Colorado Representative Joe Salazar has made the headlines recently for his part in the debate to disarm college students (Colorado bill HB13-1226). The bill would eliminate the right of a concealed handgun licensee to possess a handgun on a college campus.
When faced with an attacker, most people would opt for the most effective and least complicated means of protection available. With today’s technology and legal parameters, that means a handgun.
But Representative Salazar does not appear to be concerned about the victims of rape. In his speech, appearing to target college women, he highlights the myriad of options available to women for their safety:
“It’s why we have call boxes, it’s why we have safe zones, it’s why we have the whistles. Because you just don’t know who you’re gonna be shooting at. And you don’t know if you feel like you’re gonna be raped, or if you feel like someone’s been following you around or if you feel like you’re in trouble when you may actually not be, that you pop out that gun and you pop … pop around at somebody.”
Lets explore the effectiveness of such advice.
Call boxes are emergency phones located throughout campus, where a person can get a hold of campus security or police. By citing this as a rape prevention strategy, Salazar is ignoring several factors.
- Doesn’t the potential victim have a cell phone already?
- Will the potential victim be able to get to a call box in time?
- What is the response time for authorities to reach this call box?
- If there is an altercation in progress, how likely is it the victim able to get to a phone, or be able to use it?
- How far can the attacker move a victim away from a callbox after the call has been made and before authorities arrive in that amount of time (forced movement at gunpoint)?
The call box is a great idea as a baseline communication tool, but assumes a great deal of forewarning,awareness, and determination of motive on the victim’s part. A person using the call box to prevent an attack would have to recognize an attack was imminent, from afar, to have the time to make the call.
An ultimate hypocrisy of Salazar’s statement is that he cites a lack of motive determination in his quote (the fear of shooting someone who was not a threat), but the same concern diminishes the usefulness of call boxes as a prevention mechanism. But, when the threat is very real and very easily discerned, the call box is useless and the firearm is not.
The only reference to a safe zone I could find on the University of Colorado website is a training series for alternative sexuality concerns. In fact, the University of Colorado Boulder campus map makes no mention of geographic areas designated as “safe zones”. But, assuming these zones exist, we can look at the effectiveness of designating a certain area as “safe”
Places marked as gun free zones have repeatedly seen tragedy lately. There is no reason to suspect that the designation of ‘safe zone’ will prevent rape or assault when other areas so designated have been the site of multiple counts of homicide.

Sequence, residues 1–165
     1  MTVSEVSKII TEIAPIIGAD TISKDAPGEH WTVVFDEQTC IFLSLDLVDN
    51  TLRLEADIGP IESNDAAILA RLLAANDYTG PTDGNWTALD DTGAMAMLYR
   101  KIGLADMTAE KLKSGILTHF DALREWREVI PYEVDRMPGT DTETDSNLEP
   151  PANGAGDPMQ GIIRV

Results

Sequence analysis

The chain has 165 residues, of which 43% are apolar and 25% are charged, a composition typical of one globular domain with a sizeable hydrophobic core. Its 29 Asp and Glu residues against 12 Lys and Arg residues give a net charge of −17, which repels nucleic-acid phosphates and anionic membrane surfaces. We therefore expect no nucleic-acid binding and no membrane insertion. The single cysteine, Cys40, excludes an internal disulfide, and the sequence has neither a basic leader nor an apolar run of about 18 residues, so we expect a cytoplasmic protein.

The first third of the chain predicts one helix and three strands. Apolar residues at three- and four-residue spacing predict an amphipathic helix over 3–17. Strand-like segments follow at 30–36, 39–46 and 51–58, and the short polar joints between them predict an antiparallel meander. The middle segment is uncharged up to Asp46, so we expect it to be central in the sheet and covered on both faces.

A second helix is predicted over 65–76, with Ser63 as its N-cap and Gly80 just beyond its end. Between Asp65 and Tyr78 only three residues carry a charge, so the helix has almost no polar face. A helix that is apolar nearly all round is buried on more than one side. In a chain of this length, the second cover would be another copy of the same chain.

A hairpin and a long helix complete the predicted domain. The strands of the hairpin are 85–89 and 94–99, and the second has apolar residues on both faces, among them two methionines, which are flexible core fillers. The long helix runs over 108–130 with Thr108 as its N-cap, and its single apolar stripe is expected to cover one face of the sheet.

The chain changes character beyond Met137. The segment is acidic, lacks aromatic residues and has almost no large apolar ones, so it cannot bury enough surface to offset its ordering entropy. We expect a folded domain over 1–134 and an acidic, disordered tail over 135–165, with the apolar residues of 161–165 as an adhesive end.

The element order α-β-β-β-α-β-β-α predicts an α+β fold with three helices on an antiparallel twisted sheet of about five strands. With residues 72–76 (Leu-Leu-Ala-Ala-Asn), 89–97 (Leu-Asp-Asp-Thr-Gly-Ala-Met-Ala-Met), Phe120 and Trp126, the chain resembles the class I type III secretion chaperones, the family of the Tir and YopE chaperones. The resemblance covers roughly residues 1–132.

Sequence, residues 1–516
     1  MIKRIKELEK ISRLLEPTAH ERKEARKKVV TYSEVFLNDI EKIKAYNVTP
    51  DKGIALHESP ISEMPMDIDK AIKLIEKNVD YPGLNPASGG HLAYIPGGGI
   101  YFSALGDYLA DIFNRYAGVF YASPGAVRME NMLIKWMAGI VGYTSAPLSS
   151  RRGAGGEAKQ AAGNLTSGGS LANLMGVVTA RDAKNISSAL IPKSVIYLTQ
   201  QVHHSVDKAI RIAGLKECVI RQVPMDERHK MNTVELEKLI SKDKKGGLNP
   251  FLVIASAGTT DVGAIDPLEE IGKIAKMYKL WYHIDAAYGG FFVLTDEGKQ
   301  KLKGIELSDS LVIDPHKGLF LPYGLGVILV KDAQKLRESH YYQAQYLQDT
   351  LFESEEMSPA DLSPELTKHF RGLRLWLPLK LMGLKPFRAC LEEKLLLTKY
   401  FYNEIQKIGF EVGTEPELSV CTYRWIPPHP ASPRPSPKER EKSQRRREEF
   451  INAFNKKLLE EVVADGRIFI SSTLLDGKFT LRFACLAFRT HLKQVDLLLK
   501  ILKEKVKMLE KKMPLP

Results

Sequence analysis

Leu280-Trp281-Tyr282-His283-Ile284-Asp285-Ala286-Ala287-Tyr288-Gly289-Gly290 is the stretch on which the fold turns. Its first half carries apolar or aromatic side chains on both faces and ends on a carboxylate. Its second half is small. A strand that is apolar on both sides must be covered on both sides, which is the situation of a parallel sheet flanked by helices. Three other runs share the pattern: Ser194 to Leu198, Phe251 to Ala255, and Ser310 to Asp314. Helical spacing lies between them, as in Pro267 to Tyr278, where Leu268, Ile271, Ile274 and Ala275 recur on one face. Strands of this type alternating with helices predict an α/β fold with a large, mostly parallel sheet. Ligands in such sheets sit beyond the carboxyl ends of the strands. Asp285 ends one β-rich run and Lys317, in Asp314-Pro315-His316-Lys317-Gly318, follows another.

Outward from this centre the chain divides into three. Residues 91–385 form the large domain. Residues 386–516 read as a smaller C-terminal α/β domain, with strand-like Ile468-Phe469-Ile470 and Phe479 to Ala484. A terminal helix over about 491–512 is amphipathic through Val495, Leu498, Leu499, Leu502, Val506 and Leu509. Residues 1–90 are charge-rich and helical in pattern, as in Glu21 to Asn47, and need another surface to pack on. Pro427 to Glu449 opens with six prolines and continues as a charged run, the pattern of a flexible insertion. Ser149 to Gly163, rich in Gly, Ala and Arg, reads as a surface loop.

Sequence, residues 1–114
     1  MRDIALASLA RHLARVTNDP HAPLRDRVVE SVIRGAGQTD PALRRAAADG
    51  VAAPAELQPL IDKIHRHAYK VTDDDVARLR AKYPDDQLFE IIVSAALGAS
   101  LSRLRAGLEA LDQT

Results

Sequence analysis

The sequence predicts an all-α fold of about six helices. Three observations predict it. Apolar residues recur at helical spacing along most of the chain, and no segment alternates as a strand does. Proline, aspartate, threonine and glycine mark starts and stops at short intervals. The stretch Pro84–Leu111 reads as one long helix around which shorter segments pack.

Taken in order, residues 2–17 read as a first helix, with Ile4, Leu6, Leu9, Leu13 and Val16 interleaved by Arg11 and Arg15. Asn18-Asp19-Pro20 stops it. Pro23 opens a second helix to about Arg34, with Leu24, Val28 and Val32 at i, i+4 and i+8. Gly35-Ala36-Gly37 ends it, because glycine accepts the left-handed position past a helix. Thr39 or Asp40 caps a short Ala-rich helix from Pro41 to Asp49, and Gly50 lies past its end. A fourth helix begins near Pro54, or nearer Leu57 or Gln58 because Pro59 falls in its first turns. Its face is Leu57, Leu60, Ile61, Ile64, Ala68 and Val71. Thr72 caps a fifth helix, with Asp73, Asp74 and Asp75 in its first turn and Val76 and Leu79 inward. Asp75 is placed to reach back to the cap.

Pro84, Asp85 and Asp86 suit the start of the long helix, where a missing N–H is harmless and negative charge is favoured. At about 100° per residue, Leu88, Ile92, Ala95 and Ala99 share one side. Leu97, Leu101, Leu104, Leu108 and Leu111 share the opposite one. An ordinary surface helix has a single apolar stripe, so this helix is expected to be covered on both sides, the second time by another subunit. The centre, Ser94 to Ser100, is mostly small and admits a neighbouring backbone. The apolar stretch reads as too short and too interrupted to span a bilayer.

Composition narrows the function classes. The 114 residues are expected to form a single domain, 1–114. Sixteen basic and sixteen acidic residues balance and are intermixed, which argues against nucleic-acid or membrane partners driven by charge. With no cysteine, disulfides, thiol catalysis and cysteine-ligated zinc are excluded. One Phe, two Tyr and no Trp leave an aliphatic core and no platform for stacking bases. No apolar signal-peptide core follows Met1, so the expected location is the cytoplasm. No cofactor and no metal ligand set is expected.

- Why is a safe zone safe?
- Is there a guard or policeman on duty in that area?
- Is there some other increased deterrence against committing a crime in a designated safe zone?
- If this mentality was effective, why not declare the entire planet a Safe Zone?
It is true that a criminal needs a degree of seclusion to perform an attack such as rape (or an uncaring/indifferent scenario), and that using a loud whistle can make obtaining that seclusion more difficult (hearing is a 360 degree and non line-of-sight sense). But, the whistle is not necessarily going to be stowed properly, and digging through one’s purse while situational awareness should be maintained isn’t a good idea.
In fact, the rape whistle is no more effective than the call box because someone hearing the whistling may not even act on it.
Pop a round?
This argument is absurd, and characterizes how out of touch this lawmaker is with reality. Time and time again, the liberal anti-gun agenda has declared that the presence of firearms will turn every parking lot snafu into a Wild West scenario, and the streets will run red with blood. This ridiculous argument has been made as every state in the union save a couple changed from selective issue of a CPL to Shall Issue for a CPL. It has proven utterly untrue in every state, and remains untrue here. There is no indication that the residents of Colorado are different than anywhere else, and are unlikely to go ‘popping a round’ indiscriminately at the first inkling of suspicion.
As of today, these bills have moved forward in Colorado, fueled by federal support and against local Colorado objection. It is a clear indication of federal influence putting their desired policies first and state decisions a distant second. But more than that, it is clear that many policy makers are completely out of touch with mainstream America, where Joe Average must protect himself and his loved ones. These policymakers believe so much in their laws and think that criminals will somehow adhere to them that they are willing to put their constituents at risk.
Good luck Coloradans. Fight for your freedom, before those like Representative Joe Salazar and his ilk will make you unable to fight for your lives.